Previous research indicates that, prior to entering kindergarten, most children are exposed to some type of formal or direct mathematics instruction. However, the type of mathematical language and the frequency of its use vary greatly in terms of its emphasis on academic content. This study investigated the types and frequency of mathematical language used in six classrooms for children ranging in age from birth to five years. The study site was a quality early childhood setting at a state university in Southwest. Results indicated that utterances pertaining to spatial relations exceeded any other type of mathematical concepts by approximately twice the frequency. In addition, there was a paucity of higher level mathematical concepts observed. These data suggest a need for enhanced attention to higher level mathematical concepts explored in early childhood settings.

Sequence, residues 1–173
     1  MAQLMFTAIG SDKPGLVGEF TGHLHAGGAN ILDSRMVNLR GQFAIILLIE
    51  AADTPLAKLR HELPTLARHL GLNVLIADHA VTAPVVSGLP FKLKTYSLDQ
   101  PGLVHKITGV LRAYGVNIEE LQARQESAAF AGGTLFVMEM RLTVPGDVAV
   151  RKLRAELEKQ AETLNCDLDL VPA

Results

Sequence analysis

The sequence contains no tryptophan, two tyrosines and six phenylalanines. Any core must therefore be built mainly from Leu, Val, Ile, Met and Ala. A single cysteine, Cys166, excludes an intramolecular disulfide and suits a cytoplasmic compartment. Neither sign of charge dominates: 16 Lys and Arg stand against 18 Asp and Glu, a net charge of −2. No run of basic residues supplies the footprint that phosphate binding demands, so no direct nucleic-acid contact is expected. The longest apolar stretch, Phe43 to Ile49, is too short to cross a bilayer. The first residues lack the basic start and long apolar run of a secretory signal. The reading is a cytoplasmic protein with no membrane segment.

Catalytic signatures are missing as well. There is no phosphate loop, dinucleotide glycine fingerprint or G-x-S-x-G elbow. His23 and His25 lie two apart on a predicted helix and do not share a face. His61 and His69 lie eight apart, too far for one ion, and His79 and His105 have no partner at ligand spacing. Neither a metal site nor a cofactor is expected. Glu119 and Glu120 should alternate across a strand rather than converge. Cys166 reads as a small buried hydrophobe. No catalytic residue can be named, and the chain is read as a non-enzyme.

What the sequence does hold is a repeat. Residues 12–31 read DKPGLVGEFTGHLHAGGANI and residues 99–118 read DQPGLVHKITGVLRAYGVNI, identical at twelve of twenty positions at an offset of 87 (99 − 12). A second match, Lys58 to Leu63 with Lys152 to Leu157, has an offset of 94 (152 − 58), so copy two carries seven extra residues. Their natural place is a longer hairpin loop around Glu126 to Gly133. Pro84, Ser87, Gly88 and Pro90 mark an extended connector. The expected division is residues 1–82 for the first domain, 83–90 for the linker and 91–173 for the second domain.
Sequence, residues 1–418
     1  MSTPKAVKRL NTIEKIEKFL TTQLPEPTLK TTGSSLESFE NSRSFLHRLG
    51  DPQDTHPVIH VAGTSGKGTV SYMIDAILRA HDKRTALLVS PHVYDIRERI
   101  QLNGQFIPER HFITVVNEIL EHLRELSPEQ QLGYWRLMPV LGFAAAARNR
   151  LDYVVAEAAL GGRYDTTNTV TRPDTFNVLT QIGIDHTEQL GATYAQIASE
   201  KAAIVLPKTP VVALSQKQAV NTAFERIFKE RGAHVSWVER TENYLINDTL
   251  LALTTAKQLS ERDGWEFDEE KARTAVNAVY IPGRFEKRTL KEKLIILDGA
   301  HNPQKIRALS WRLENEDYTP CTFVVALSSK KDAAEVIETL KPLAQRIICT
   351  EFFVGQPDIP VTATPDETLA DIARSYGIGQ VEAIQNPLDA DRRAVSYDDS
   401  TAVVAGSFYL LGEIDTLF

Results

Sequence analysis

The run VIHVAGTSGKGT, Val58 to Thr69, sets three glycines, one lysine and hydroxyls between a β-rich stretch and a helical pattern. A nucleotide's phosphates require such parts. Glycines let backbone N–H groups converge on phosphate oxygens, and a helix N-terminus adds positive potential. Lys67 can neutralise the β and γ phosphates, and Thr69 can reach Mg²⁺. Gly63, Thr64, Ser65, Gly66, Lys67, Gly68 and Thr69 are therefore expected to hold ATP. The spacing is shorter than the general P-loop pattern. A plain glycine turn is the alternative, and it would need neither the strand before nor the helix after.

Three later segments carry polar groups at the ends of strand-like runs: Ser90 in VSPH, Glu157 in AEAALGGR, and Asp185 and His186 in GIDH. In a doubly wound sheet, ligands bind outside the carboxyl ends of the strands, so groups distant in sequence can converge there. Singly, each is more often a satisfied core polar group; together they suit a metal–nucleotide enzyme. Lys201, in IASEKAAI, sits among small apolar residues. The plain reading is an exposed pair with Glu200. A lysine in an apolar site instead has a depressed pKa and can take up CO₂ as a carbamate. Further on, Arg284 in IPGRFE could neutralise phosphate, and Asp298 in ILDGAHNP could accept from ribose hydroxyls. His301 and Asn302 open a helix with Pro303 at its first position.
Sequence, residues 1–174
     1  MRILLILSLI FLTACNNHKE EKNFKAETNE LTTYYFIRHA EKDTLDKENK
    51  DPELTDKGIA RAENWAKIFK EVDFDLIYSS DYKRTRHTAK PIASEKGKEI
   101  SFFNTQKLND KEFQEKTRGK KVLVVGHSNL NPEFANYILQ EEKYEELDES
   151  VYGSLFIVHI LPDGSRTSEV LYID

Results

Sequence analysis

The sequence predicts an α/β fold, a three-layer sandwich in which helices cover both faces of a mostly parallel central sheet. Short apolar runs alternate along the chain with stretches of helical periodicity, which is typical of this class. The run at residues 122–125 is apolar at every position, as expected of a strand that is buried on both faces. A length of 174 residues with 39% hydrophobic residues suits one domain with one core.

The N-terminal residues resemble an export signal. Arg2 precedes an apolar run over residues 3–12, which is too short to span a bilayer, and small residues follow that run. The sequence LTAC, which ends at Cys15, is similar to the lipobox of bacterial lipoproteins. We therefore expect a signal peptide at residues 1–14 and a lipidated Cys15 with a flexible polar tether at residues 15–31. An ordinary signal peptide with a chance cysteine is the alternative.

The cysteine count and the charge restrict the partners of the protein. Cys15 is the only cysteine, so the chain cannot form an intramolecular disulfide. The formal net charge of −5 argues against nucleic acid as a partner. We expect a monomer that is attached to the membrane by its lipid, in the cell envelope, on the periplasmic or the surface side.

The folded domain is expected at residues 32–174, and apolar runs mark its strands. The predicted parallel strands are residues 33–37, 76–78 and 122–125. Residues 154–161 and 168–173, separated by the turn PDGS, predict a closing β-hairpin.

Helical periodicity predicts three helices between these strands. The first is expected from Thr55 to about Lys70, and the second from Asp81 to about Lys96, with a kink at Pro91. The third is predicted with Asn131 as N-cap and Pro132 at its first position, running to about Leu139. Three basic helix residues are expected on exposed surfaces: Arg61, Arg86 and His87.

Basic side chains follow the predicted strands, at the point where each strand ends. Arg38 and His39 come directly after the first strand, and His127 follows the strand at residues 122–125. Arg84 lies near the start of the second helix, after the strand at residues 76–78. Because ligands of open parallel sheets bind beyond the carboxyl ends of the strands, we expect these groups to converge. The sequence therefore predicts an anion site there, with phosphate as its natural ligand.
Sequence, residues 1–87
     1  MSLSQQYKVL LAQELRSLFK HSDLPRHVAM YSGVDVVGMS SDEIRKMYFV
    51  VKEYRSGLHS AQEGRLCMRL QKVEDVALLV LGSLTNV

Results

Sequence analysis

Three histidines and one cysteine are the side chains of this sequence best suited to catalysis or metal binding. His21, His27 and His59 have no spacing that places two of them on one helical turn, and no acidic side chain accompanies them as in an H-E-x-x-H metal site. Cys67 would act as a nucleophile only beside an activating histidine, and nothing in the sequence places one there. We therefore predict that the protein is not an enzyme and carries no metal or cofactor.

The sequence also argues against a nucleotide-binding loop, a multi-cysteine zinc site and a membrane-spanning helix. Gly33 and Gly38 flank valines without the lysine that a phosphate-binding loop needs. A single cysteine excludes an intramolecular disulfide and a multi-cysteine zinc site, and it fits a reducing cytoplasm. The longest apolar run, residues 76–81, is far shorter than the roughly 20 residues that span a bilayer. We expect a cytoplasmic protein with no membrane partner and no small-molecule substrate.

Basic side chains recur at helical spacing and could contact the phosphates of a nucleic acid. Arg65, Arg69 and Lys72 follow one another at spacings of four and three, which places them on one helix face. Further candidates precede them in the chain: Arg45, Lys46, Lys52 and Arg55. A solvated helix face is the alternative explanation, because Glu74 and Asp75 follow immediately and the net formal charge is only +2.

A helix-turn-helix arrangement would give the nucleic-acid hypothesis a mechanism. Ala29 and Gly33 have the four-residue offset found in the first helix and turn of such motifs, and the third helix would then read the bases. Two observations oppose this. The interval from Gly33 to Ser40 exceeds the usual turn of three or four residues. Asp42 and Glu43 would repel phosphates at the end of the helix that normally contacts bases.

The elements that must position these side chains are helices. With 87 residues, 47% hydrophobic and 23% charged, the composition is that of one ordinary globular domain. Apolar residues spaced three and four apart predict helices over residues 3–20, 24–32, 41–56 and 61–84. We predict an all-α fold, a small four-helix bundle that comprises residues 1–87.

Loretta C. Rudd, Matthew c. Lambert, Macy Satterwhite and Amani Zaier have written an article that has recently been published (online first) in Early Childhood Education Journal. The article is entitled: “Mathematical Language in Early Childhood Settings: What Really Counts?” and it presents a study of what kinds of mathematical language that was used in six kindergarten classrooms (ages 0-6). Here is the abstract of the article.